By Aisling O’Malley, IET Archivist
Albert Henry Midgley is best known for his work on organ building. During the 1920s, Midgley saw commercial success in an organ he developed for cinemas and theatres, and his 1931 electric organ. However, Midgley’s career was far more diverse than just the creation of musical instruments.
During the First World War, while he developed car lighting systems for C A Vandervell and Company, Midgley was seconded to the Ministry of Munitions to create inventions for the war effort. Midgley’s time with the Ministry of Munitions resulted in the development of bomb fuses, mortars, hand grenades, gyroscopes, and signalling equipment for aeroplanes.
After the First World War, Midgley focussed on the enhancement of radio receivers. In the 1920s, Midgley was granted 13 patents for radio valves, receivers, and loudspeakers. During this time, Midgley also developed an amplifier which would later be marketed as a high quality radio gramophone, and a microphone and sound recording equipment for use in the film industry.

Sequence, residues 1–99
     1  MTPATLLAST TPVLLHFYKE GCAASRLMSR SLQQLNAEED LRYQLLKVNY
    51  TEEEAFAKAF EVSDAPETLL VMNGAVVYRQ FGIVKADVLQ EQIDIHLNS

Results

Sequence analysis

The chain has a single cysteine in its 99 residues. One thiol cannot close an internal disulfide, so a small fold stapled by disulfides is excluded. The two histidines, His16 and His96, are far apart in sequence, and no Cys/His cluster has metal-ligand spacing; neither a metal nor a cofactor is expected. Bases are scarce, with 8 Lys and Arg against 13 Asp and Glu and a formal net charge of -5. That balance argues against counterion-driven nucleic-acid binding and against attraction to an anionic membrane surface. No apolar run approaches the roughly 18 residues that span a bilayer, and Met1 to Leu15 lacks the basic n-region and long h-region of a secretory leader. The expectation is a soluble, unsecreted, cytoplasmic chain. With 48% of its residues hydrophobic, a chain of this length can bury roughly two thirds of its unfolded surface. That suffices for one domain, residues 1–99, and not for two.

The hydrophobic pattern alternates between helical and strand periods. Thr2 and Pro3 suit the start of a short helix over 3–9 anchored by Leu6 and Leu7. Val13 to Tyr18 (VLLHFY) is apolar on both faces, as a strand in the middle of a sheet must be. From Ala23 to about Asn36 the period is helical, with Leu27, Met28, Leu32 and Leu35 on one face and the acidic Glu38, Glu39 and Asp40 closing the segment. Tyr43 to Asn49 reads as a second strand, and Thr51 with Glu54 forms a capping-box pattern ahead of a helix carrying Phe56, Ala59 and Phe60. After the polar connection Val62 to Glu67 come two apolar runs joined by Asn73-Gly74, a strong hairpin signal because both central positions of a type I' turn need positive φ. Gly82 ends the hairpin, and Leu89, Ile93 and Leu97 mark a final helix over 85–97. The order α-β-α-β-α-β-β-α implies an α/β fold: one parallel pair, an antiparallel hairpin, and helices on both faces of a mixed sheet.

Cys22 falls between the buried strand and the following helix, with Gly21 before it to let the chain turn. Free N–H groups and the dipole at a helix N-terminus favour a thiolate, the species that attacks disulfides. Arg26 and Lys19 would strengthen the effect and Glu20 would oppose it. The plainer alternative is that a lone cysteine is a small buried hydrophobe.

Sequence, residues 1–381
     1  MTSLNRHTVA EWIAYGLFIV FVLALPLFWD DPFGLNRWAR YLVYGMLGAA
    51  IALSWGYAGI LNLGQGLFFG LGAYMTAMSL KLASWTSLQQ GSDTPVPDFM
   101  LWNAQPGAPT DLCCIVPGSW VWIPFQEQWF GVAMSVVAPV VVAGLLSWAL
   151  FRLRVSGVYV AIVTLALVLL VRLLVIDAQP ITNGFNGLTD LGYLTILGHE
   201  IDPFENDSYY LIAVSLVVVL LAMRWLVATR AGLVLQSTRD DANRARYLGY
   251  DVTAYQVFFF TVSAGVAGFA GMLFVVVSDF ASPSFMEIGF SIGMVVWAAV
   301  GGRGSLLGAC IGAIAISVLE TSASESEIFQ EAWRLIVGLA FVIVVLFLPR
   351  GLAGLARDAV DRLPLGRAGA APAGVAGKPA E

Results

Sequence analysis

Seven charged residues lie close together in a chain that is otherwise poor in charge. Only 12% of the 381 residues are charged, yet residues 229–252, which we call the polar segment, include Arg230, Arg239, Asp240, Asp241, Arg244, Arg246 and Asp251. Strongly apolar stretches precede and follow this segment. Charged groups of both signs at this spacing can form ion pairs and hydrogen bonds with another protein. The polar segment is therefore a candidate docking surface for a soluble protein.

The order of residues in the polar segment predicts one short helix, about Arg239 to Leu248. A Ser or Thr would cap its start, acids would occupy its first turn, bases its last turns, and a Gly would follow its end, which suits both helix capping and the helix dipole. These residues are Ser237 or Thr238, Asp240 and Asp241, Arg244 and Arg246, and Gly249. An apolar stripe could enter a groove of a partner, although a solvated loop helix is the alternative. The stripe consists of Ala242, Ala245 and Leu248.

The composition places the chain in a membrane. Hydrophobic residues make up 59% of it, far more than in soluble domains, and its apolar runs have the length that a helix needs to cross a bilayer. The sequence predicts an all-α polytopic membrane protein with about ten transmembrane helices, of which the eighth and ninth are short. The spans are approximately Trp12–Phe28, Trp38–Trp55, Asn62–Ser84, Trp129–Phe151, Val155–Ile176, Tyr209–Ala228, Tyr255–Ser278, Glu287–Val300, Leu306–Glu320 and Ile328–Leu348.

Midgley’s skills would again be required for national interest due to the outbreak of the Second World War. Midgley’s company, the Midgley Harmer Ltd, designed and manufactured fuses and bombs, including the W bomb used by the RAF, and the fuse for the Barnes-Wallis Tallboy bomb. After the Second World War, Midgley moved into the production of timing switches for washing machines, cookers, and signalling indicators for the control of traffic. Between 1947 and 1958, Midgley was granted 28 patents for timing devices and motors.
Midgley’s diverse career that supported the developments in sound, travel, and national interest ended with his death on 1 October 1961.
The A H Midgley papers are held at the IET Archives.